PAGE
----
There were several interesting cases in 2022 which considered the scope of a lawyer’s duties. 2023 began in a similar vein, with an interesting case in the Court of Appeal around a lawyer’s duties to third parties: Ashraf v Lester Dominic Solicitors & Ors.
The late Syed Ul Haq owned a property in Ealing which he agreed to sell to Bijan Attarian for £1,250,000. The Bank of Scotland was both the lender for Mr Ul Haq’s existing mortgage and Mr Attarian’s proposed new mortgage.
Unusually, FLP Solicitors acted for all three parties in the transaction. The Bank of Scotland advanced the sale proceeds to FLP in the usual way, but they were stolen by the firm’s office manager.
FLP was subsequently intervened upon. The parties sought to complete the transaction. The Bank of Scotland instructed Rees Page Solicitors in place of FLP, and Mr Attarian also instructed new solicitors. However, Mr Ul Haq did not.
Rees Page, under pressure from its client (the Bank of Scotland), filed an application to the Land Registry to amend the register, using form AP1.
Box 13 of the form asks for the details of each party’s conveyancers. As to Mr Ul Haq, Rees Page listed ‘FLP Solicitors’. Of course, this was not correct: the firm was no longer trading, and Mr Ul Haq was now unrepresented.
The AP1 also contains the following wording:
"Where a party is not represented by a conveyancer you must also complete (2) below".
This section (2) asks the applying conveyancer to confirm that they are satisfied as to the identity of any unrepresented party. Rees Page left this part blank, despite Mr Ul Haq being unrepresented. The application was approved by the Land Registry.
Mr Ul Haq brought a claim against various parties arising from the transaction, including Rees Page. Rees Page obtained summary judgment on the basis that they did not owe Mr Ul Haq any duty of care given that he was never a client of the firm. Mr Ul Haq’s personal representative (he had since died) appealed that decision.
The issues considered
The key issue was whether Rees Page arguably owed Mr Ul Haq a duty of care. Mr Ul Haq was never a client of Rees Page, and throughout the transaction the firm did not provide him with any substantive advice. Accordingly, the default position was that no duty arose.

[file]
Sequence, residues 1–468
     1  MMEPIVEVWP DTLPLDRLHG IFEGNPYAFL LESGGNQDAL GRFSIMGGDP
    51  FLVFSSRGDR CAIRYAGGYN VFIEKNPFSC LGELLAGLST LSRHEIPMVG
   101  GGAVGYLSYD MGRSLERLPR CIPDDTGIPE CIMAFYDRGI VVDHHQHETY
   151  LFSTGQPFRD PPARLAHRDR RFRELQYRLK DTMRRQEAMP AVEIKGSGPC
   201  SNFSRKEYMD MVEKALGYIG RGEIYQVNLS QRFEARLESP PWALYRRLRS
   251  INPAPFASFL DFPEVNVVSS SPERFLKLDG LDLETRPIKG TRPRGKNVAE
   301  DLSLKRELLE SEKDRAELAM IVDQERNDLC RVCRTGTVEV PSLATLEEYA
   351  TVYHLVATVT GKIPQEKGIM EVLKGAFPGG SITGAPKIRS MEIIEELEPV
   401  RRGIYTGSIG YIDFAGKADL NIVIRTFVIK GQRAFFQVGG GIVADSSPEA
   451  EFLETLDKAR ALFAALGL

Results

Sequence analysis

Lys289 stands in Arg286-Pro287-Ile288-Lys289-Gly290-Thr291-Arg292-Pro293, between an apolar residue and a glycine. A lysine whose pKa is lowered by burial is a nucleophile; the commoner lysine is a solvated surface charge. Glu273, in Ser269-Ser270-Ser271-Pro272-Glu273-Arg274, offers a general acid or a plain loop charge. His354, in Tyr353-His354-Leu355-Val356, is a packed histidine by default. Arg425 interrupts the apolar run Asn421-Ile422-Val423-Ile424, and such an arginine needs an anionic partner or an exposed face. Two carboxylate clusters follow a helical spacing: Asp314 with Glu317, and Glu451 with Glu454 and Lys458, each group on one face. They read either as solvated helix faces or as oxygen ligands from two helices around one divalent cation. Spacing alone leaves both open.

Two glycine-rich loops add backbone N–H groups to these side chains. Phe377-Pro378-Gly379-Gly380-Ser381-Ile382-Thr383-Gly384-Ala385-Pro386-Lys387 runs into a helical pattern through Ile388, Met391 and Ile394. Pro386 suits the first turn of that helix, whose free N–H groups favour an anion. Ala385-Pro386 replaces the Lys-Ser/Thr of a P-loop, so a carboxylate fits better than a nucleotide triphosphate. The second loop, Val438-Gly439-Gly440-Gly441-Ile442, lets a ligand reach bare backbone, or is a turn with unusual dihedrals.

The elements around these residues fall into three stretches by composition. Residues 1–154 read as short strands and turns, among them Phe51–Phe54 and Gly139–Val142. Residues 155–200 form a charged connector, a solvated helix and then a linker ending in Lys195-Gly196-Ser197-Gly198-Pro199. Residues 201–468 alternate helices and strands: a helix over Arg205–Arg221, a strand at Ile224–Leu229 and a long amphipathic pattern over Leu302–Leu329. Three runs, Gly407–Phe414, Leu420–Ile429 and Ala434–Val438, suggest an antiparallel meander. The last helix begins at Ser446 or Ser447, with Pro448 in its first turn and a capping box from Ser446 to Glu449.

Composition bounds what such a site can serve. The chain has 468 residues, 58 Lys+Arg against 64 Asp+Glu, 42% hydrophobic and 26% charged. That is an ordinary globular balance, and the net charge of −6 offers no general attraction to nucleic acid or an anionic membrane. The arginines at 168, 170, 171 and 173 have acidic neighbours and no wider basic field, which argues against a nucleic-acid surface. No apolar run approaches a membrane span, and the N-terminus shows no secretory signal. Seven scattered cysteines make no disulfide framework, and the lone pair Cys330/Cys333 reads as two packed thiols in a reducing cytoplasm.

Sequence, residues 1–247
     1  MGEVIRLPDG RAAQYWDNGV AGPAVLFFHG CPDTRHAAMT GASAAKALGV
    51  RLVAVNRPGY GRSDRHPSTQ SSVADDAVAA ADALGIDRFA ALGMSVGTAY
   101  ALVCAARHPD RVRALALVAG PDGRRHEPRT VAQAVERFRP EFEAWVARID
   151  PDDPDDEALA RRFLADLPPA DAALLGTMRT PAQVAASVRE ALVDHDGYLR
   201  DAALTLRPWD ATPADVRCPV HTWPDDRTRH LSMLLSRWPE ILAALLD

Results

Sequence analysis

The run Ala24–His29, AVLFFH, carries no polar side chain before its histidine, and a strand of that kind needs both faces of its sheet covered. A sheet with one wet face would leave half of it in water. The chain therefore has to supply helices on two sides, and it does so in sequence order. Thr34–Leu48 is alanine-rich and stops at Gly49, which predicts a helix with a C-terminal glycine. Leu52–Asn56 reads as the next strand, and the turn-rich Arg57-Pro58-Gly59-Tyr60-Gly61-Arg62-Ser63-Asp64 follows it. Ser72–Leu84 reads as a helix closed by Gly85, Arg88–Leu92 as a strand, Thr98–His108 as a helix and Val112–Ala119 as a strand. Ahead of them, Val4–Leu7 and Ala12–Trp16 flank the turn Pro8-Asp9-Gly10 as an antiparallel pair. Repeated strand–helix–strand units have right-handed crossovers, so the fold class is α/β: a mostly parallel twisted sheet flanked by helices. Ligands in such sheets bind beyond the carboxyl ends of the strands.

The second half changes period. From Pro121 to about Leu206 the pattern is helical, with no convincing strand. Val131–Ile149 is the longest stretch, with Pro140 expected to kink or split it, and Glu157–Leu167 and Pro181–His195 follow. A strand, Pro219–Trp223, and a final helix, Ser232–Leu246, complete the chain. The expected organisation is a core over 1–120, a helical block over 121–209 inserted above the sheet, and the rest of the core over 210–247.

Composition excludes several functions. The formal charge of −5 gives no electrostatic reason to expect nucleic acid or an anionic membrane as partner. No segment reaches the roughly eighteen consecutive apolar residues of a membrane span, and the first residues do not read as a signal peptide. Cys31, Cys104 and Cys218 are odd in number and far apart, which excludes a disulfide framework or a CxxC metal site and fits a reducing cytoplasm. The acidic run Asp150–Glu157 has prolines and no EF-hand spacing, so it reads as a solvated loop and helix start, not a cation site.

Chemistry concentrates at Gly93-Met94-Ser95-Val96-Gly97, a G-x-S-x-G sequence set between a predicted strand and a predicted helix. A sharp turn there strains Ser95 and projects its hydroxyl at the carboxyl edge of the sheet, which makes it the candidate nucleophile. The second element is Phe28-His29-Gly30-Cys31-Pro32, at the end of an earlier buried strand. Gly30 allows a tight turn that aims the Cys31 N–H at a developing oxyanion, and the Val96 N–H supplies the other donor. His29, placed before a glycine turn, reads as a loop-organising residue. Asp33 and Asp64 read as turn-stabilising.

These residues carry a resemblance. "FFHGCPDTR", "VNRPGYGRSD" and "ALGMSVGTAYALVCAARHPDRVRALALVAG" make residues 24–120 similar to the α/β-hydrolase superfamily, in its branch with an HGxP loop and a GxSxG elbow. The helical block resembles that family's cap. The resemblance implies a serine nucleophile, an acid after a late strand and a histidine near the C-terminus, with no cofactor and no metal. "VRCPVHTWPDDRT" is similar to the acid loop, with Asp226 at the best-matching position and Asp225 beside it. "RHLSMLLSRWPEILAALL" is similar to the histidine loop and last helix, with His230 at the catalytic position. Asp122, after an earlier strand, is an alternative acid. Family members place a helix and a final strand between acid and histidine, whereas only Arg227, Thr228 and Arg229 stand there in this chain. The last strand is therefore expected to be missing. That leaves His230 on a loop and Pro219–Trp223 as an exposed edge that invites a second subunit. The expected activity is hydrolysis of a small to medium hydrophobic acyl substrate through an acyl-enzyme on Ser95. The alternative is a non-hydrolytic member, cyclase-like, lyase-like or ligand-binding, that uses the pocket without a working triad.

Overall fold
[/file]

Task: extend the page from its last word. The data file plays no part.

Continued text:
However, the court found that by completing the AP1 as they had, which stated that Mr Ul Haq was represented by solicitors in the transaction, Rees Page had arguably assumed a duty to him.
The practical effect of the AP1 being drafted as it was, with confirmation that Mr Ul Haq was legally represented, is that the Land Registry did not take any further steps to verify his identity. This potentially exposed him to fraud.
Counsel for Rees Page argued that the task of confirming a party’s identity for these purposes was similar to money laundering checks that firms are obliged to undertake. The argument goes that this is ultimately for the benefit of society as a whole, rather than the parties to any particular transaction. Conversely, counsel for Mr Ul Haq’s estate referred to the AP1 explicitly stating that identity checks were to reduce the risk of property fraud, which is primarily for the benefit of the parties to a transaction, rather than society as a whole. The court preferred the latter argument.
The court did not make a finding of whether a duty was in fact owed, only that the case was arguable (and thus outside of the remit of summary judgment). The claim will now continue.
The courts have generally been reluctant to find that solicitors owe duties to non-clients. While every claim is decided on its own facts, this case, if decided in Mr Ul Haq’s favour, could potentially significantly broaden the type of cases where a court is likely to find that a duty was assumed to a non-client third party. After all, Rees Page did not act for Mr Ul Haq, nor did they ever provide him with advice: the action which it is argued created a duty was completing a Land Registry form in a particular way. The claim will be followed with interest.